“The Muse of Comedy” by ~kimbessent

“Thalia’s themes are humor, festivities and recreation. Her symbols are party decorations. Among the Greek Muses, Thalia is the Goddess of festivity and humor. She inspires today’s Feast of Fools celebration with unbridled revelry and joyfulness to round out year on an upbeat, playful note.

During the Middle Ages, around this time of year, a mock religious ritual called the Feast of Fools took place, much like the impious Saturnalia. Normal roles were often reversed and reverence went by the wayside, replaced by fun and pleasure. I see no reason not to follow the example of our ancestors and give ourselves time to frolic a bit today. Do something that energizes you, inspires you or makes you laugh out loud For example, throw yourself a party complete with silly decorations and hats. Watch your favorite comedy flicks with a friend.

Or, go out dancing, play video games, socialize with folks who make you feel good and generally let Thalia live through (and in) your pleasure.

To keep Thalia’s playful, enthusiastic engry with you, bless an amethyst (for joy and luck) saying:

‘Thalia, inspire my humor and muse;
throughout my life, joy diffuse.’

Carry this with you anytime you feel your sense of humor waning.”

"Thalia, Muse of Comedy" by Jean-Marc Nattier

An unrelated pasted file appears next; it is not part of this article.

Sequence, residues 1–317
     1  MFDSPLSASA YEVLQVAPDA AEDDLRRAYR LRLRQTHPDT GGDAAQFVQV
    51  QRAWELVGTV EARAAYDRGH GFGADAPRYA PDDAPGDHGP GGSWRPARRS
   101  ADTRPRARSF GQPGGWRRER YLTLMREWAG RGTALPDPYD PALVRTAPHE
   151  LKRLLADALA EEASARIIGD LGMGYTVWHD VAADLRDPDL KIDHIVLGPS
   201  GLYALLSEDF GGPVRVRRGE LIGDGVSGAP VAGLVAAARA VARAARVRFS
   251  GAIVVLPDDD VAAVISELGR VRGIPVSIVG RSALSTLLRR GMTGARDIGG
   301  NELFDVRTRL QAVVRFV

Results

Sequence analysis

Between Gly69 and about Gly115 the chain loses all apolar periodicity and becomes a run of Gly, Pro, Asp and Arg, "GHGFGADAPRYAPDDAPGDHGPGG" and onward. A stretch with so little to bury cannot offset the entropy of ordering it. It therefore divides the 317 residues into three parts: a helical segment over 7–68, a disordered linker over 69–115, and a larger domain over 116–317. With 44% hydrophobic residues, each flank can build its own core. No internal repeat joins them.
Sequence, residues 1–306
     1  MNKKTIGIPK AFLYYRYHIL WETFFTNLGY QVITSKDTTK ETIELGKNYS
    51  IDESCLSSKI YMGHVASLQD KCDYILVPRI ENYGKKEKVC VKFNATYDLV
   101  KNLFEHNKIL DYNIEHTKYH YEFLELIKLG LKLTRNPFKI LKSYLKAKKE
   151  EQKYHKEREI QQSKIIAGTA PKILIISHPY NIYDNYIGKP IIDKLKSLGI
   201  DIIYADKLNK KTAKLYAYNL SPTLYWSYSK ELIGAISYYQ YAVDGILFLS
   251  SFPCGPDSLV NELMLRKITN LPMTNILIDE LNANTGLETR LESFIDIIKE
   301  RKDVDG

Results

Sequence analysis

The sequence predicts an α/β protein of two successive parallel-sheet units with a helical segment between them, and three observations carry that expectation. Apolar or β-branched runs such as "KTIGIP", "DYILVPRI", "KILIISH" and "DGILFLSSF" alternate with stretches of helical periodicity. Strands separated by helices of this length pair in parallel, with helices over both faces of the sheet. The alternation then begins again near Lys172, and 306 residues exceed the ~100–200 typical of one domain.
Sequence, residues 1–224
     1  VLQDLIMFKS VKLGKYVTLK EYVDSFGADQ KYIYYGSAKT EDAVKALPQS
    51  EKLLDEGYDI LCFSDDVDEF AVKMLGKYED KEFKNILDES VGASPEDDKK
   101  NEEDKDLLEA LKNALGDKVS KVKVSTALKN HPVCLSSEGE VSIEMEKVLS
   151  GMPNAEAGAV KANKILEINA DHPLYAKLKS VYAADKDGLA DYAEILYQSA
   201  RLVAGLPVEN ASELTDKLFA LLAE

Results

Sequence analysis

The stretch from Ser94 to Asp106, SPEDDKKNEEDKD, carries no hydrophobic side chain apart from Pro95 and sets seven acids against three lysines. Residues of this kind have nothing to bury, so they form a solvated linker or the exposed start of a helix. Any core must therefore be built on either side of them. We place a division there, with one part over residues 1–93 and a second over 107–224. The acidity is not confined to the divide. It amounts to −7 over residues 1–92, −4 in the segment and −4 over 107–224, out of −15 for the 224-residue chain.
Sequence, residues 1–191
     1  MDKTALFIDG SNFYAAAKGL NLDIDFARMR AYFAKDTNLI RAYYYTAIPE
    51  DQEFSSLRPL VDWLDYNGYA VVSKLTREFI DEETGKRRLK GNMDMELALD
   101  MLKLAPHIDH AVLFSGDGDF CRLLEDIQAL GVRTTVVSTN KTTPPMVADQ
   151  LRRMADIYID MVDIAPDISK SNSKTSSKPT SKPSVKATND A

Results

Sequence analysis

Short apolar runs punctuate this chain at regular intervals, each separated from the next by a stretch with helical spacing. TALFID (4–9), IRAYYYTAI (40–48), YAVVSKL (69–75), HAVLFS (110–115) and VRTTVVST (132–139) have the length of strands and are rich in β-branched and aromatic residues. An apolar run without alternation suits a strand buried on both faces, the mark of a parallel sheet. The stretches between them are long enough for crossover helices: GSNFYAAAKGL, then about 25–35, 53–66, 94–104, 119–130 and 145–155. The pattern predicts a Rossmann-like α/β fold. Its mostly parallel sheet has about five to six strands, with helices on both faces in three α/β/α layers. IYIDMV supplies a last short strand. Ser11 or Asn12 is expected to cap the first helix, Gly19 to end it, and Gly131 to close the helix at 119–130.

“Thalia, Muse of Comedy” by Jean-Marc Nattier

(Patricia Telesco, “365 Goddess: a daily guide to the magic and inspiration of the goddess”.)


"Thalia" by Thalia Took.  She is shown here with the comic mask of the Dionysian rites, and in Her hair are narcissuses and roses, both the variety called Thalia.

“Thalia” by Thalia Took. She is shown here with the comic mask of the Dionysian rites, and in Her hair are narcissuses and roses, both the variety called Thalia.

According to the Wikipedia: “Thalia (‘the joyous, the flourishing’, from Ancient Greek: thállein; ‘to flourish, to be verdant’) was the Muse who presided over comedy and idyllic poetry. In this context her name means ‘flourishing’, because the praises in Her songs flourish through time.  She was the daughter of Zeus and Mnemosyne, the eighth-born of the nine Muses.

According to pseudo-Apollodorus, She and Apollo were the parents of the Corybantes.  Other ancient sources, however, gave the Corybantes different parents.

She was portrayed as a young woman with a joyous air, crowned with ivy, wearing boots and holding a comic mask in Her hand. Many of Her statues also hold a bugle and a trumpet (both used to support the actors’ voices in ancient comedy), or occasionally a shepherd’s staff or a wreath of ivy.” [1]


Thalia Took writes, “The name Thalia can be interpreted several ways–‘The Luxurious One’, ‘She Who Flourishes’, ‘She Who Brings Flowers’, ‘Luxurious Growth’ are some of them, all encompassing ideas of growth and blooming.

Thalia can refer to either one of the nine Muses or one of the three Graces. Both hang out on Mt. Helicon, and I have a sneaking, though unprovable, suspicion that they are one and the same.

See also my drawing of the Nine done for a newsletter cover.

See also the similarly named Etruscan Goddess Thalna.” [2]


Took, Thalia. Thaliatook.com, “Thalia“.

Wikipedia, “Thalia (Muse)“.



Suggested Links:

Eighthmuse.com, “About Thalia, the Mythica Eight Muse“.

Greekmyths-greekmythology.com, ‘The Nine Muses of Greek Mythology“.

Herwood, Mary Carol. Voices.yahoo.com, “The Nine Muses of Greek Mythology – a Series – #6 – Thalia“.

Theoi.com, “Thalia“.